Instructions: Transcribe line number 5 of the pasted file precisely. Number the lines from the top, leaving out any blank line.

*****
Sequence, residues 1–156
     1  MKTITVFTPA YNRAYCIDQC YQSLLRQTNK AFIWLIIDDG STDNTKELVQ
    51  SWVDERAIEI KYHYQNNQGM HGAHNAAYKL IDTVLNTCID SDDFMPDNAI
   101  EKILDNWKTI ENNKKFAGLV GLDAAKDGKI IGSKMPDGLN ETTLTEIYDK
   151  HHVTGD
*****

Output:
   151  HHVTGD